By Erin Strother

verdigris triangle
When I began thinking about a subject for this post, my original topic was going to be a series of money saving tips. And since I’m admittedly one of the cheapest people you’ll ever have the pleasure to meet, I have volumes of knowledge in this area and could blab on and on about it endlessly until you suddenly remember your mother is calling and you have to go home immediately. Which happens to me surprisingly often. One of the things I planned to talk about was clasps—specifically, how you don’t have to spend a fortune on a big fancy one and also how you can make your own pretty easily. But then, the very same day I was planning to start writing, one of those big, corporate jewelry blogs landed in my inbox, and guess what it was about? Go ahead—GUESS.


Except that their whole blog was pretty much the exact opposite of my idea. According to this blog chick, who clearly has some sort of uncontrollable deviant clasp fetish, the clasp you choose is VERY IMPORTANT and must be SUPER COOL, because if you don’t choose exactly the right one, you will ruin the whole necklace and then everyone will know you’re just a hack and lose all respect for you and you won’t have any friends and will be forced live out your lonely, lonely existence with only 47 cats for friends.

So perhaps I am totally wrong about clasps. I have friends (yes, REALLY!) who are very well respected jewelry designers who never scrimp on clasps. And yeah, their pieces are beautiful, and yeah, they spent, like, $20 on the clasp alone. And then you put on this beautiful necklace and where is that beautiful, expensive clasp? At the back of your neck under your hair where nobody will ever see it. Unless you have super short hair and a habit of turning your back to people when you talk to them. So I have never bought into the whole beautiful expensive clasp thing, EXCEPT in the following instances.

1. Bracelets You can see EVERYTHING happening on a bracelet, all the time, unlike a necklace where there’s usually an obvious front and a back. Many of my “claspalicious” friends (I just now invented that word, which I’m positive will catch on and become a huge thing) incorporate hand-made art beads or buttons into the clasp somehow, or use clasps with unique shapes that blend in seamlessly with the rest of the piece. I admit—those rock, although I am too cheap to make them myself.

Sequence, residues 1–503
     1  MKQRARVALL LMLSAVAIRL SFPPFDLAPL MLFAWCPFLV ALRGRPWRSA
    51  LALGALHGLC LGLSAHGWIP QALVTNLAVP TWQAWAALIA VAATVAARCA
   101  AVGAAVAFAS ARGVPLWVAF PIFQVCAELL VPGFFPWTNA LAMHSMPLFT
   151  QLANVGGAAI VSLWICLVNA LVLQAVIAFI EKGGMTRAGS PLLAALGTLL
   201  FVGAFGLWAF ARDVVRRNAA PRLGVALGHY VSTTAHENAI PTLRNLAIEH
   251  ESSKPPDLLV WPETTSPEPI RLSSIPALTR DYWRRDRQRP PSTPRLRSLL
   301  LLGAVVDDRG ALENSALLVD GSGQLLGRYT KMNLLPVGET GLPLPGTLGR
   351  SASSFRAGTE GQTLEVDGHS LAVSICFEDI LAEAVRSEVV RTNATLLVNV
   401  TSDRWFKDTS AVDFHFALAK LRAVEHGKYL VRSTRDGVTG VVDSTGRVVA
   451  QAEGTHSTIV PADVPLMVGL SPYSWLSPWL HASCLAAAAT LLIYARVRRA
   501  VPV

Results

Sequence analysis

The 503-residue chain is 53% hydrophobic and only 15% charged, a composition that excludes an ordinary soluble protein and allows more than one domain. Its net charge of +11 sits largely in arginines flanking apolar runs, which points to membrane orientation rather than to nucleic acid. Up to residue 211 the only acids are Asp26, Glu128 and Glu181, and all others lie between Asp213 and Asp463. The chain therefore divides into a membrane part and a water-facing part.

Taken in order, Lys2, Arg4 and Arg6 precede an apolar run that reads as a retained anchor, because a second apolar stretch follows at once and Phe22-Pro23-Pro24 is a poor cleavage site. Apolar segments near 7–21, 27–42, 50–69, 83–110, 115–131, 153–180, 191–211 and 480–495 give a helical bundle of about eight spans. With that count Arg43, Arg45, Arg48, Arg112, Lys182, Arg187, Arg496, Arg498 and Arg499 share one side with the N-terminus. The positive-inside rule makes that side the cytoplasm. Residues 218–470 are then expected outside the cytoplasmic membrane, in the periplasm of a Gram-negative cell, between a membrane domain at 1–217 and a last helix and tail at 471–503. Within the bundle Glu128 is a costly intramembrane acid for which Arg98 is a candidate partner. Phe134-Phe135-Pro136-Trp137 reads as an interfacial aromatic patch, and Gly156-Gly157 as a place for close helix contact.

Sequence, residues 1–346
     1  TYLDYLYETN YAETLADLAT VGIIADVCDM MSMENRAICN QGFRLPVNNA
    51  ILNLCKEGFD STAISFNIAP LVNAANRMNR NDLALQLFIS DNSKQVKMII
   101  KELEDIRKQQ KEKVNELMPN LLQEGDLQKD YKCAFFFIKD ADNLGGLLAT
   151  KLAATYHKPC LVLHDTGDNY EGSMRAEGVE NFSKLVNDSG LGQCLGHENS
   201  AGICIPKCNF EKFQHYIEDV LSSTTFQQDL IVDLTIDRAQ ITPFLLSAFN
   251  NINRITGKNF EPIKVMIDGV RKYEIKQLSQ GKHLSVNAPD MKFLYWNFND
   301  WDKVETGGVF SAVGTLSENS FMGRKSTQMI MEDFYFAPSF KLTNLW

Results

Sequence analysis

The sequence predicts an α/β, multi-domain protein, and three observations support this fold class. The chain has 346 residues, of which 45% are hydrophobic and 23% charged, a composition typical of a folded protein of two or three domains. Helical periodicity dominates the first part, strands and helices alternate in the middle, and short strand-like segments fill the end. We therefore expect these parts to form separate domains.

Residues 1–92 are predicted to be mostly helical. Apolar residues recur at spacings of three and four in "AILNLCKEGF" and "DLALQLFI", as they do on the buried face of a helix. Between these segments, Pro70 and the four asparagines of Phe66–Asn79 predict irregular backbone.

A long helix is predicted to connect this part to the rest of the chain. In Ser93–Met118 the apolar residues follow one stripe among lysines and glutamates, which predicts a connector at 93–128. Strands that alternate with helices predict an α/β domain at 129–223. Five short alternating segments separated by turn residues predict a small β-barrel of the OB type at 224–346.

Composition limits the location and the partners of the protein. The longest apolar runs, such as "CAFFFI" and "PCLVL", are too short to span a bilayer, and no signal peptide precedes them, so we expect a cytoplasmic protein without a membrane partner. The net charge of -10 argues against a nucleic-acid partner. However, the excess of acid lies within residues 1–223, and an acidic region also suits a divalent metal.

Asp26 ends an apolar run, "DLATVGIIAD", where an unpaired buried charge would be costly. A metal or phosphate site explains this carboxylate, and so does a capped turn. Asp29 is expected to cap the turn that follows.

braided blues

2. Using the clasp as a focal. Some necklaces are purposely designed with the clasp in front. And by all means, if you have an awesome, expensive clasp, show that baby off! It should be a law, actually. Those kind of clasps should come with a dis
claimer, similar to carrying a concealed weapon: “WARNING: under penalty of death or dismemberment or undetermined but notably se
vere and/or unpleasant punishment, this clasp is to be worn in a conspicuous manner at all times!!! (Note the use of many exclamation points, proving that this is very important.) !!!

Personally, I’m a fan of simple, hand-made clasps. I usually either make an easy “S” or hook clasp using 18 or 16 gauge hammered wire, or I make a toggle clasp using a washer and a hand-made toggle bar (again, using 18 or 16 gauge wire.) Typically, I use brass wire over copper, because brass is harder and stronger than copper, so it holds it shape a bit better. But I’m also a fan of LAZINESS, and I have plenty of necklaces that just have a simple, utilitarian lobster clasp. And honestly, I think there is nothing wrong with that.

What do YOU think? Do you LOVE, LOVE, LOVE, cool, expensive clasps, or do you think they are a big fat waste of money? (all viewpoints are welcome here. Except of course, those that differ from mine. Because those are obviously wrong. But feel free to express them anyway 🙂 )

Find out more about me and my work in the author bio box below!  

Visit the Clasp and Closure Challenge going on!

Erin Strother

Erin Strother

Owner Designer at Studio E Gallery
Erin Strother is a full-time graphic designer with an obsession for jewelry design living in southern California with her long-suffering husband George and their disobedient dog Swiffer. She has won 6 Pulitzer prizes, an Academy Award for “Best Virtual Sound Editing,” $4 in the California State Lottery, and other prizes too numerous to mention. She is currently working on her second novel, “Sarcasm for Fun and Profit.” See more of her work at and
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